How I treat CLL up front.

Institute of Cancer, Queen Mary University of London, Barts and The London School of Medicine and Dentistry, London, United Kingdom.
Blood (Impact Factor: 9.78). 10/2009; 115(2):187-97. DOI: 10.1182/blood-2009-08-207126
Source: PubMed

ABSTRACT Although chronic lymphocytic leukemia (CLL) remains incurable, over the past decade there have been major advances in understanding the pathophysiology of CLL and in the treatment of this disease. This has led to greatly increased response rates and durations of response but not yet improved survival. Advances in the use of prognostic factors that identify patients at high risk for progression have led us to the question whether there is still a role for a "watch and wait" approach in asymptomatic high-risk patients or whether they should be treated earlier in their disease course. Questions remain, including, what is the optimal first-line treatment and its timing and is there any role of maintenance therapy or stem cell transplantation in this disease? CLL is a disease of the elderly and not all patients are eligible for aggressive up-front chemoimmunotherapy regimens, so what is the optimal treatment approach for more frail elderly patients? It is highly likely that our treatment approaches will continue to evolve as the results of ongoing clinical trials are released and that further improvements in the outcome of this disease will result from identification of therapies that target the underlying pathophysiology of CLL.

  • [Show abstract] [Hide abstract]
    ABSTRACT: We report our experience on bendamustine and rituximab (BR) combination in 26 patients with chronic lymphocytic leukemia (CLL) complicated by autoimmune hemolytic anemia (AIHA). At the time of BR initiation, 88% of the patients had already been treated for AIHA and CLL was progressive regardless of AIHA in all patients but one. Overall response rates were 81% for AIHA and 77% for CLL. Median time to next treatment was 28.3 months and 26.2 months for AIHA and CLL respectively. BR therapy may represent a good and safe therapeutic option in this setting where adequate control of CLL seems important for long-term AIHA response. This article is protected by copyright. All rights reserved. Copyright © 2014 Wiley Periodicals, Inc., A Wiley Company.
    American Journal of Hematology 11/2014; · 3.48 Impact Factor
  • Source
    [Show abstract] [Hide abstract]
    ABSTRACT: Background: Due to the unavailability of a common cancer incidence database in Pakistan, the cancer incidence data from nuclear medicine and oncology institutes have been gathered and presented. Methods: The cancer incidence data for the last 27 years (1984-2011) is included to present a data set of male and female patients. The data analysis concerning occurrence, trends of common cancers in male and female patients, stage-wise distribution, and mortality/follow-up cases is also incorporated for the last 7 years (2004-2011). Results and Conclusions: The cancer incidence rates for head and neck (13.41 percent), brain tumors (10.90 percent), and non-Hodgkin lymphoma (NHL, 9.70 percent) were found to be the highest in male patients, whereas breast cancer (45 percent), ovary tumors (6.6 percent), and head and neck (6.21 percent) cancer incidence rates were observed to be the most common in female patients. The age range distribution of diagnosed and treated patients in conjunction with the percentage contribution of cancer-treated patients from different cities of Punjab at the Institute of Nuclear Medicine and Oncology, Lahore is also included. Leukemia has been found the most common cancer for the age group of 1-12 years. It has been identified that the maximum number of diagnosed cases were found in the age range of 51-60 years for male and 41-50 years for female cancer patients.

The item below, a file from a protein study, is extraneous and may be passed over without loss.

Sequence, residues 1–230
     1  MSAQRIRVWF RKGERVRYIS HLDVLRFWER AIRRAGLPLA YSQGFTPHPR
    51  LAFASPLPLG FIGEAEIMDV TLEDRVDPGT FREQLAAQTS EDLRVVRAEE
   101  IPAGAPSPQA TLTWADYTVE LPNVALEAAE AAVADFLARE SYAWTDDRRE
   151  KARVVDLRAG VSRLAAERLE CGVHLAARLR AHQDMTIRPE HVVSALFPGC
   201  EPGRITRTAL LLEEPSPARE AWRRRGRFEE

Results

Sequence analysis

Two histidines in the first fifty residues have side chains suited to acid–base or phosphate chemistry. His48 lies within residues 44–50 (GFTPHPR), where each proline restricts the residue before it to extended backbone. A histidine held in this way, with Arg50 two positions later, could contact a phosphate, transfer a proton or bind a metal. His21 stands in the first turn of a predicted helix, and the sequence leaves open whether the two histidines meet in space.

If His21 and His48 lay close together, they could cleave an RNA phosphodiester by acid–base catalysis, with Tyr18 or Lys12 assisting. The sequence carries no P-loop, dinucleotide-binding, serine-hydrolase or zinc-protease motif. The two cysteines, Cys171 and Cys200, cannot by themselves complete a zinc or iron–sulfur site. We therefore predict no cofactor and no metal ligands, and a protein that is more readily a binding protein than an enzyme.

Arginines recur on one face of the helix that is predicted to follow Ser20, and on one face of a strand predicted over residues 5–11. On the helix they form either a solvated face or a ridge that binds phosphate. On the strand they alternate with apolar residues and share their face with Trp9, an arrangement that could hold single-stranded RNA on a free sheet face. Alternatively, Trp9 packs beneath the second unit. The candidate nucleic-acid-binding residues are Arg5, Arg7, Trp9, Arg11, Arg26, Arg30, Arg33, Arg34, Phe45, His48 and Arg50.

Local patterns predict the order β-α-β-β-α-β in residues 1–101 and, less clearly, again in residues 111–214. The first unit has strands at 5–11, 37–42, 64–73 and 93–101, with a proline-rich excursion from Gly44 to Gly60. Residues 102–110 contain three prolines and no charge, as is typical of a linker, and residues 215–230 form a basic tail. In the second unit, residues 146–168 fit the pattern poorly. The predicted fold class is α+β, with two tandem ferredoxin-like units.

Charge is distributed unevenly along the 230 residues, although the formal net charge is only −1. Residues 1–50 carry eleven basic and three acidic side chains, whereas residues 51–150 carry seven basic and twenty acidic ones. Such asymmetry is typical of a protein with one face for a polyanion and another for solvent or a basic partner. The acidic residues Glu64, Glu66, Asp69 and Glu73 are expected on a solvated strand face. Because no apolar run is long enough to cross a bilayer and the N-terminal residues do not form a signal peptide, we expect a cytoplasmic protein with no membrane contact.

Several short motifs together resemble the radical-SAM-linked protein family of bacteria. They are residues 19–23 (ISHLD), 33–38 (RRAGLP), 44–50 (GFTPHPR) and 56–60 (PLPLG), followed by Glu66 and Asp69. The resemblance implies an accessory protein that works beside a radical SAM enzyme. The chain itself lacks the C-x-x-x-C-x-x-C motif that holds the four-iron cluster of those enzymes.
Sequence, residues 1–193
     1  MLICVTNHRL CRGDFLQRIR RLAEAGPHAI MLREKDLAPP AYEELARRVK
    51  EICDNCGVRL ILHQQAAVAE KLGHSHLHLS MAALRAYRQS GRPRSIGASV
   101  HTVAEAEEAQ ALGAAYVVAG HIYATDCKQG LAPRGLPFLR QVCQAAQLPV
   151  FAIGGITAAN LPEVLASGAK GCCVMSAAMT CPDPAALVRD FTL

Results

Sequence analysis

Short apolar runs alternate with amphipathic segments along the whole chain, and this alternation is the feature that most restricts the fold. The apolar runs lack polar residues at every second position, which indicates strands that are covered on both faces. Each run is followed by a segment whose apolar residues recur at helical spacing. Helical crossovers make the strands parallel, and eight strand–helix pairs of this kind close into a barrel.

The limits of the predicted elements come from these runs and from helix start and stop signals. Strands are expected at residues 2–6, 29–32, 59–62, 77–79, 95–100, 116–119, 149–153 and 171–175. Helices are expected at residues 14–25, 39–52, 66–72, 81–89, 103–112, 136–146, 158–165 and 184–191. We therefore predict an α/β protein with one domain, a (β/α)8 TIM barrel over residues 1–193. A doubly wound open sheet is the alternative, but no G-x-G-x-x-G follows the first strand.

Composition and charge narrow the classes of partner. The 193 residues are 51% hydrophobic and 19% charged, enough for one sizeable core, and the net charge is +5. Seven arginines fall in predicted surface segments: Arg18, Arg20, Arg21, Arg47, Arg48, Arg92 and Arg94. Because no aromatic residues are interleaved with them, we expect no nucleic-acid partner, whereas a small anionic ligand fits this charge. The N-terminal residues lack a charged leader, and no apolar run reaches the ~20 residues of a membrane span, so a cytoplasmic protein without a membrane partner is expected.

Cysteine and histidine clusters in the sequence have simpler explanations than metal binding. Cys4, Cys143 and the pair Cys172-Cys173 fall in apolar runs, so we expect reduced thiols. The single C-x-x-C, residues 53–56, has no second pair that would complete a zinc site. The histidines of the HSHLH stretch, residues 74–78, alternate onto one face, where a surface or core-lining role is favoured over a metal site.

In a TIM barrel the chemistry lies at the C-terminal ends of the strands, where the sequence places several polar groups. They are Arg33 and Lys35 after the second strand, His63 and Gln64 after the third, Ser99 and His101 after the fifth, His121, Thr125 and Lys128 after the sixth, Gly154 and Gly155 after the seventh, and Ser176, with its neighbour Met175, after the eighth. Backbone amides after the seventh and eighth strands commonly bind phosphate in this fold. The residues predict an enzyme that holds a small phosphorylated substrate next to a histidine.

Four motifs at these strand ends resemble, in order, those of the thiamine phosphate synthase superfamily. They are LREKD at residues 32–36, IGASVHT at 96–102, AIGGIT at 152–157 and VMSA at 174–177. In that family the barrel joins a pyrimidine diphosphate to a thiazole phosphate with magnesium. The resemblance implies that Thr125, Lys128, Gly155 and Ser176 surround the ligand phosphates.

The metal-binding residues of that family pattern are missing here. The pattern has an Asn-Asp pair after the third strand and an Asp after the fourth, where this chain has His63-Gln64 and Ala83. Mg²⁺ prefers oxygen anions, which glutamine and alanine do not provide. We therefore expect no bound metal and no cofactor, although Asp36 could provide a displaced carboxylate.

Journal of registry management. 01/2014; 41(2):85-90.
  • Source
    [Show abstract] [Hide abstract]
    ABSTRACT: Oxidative stress (OS) has been characterized by an imbalance between the production of reactive oxygen species (ROS) and a biological system¿s ability to repair oxidative damage or to neutralize the reactive intermediates including peroxides and free radicals. High ROS production has been associated with significant decrease in antioxidant defense mechanisms leading to protein, lipid and DNA damage and subsequent disruption of cellular functions. In humans, OS has been reported to play a role in the pathogenesis of neurodegenerative diseases such as Alzheimer¿s disease, Huntington¿s disease, Lou Gehrig¿s disease, multiple sclerosis and Parkinson¿s disease, as well as atherosclerosis, autism, cancer, heart failure, and myocardial infarction. Although OS has been linked to the etiology and development of chronic diseases, many chemotherapeutic drugs have been shown to exert their biologic activity through induction of OS in affected cells. This review highlights the controversial role of OS in the development and progression of leukemia cancer and the therapeutic application of increased OS and antioxidant approaches to the treatment of leukemia patients.
    Journal of Experimental & Clinical Cancer Research 12/2014; 33(1):106. · 3.27 Impact Factor

Full-text (2 Sources)

Available from
Jun 2, 2014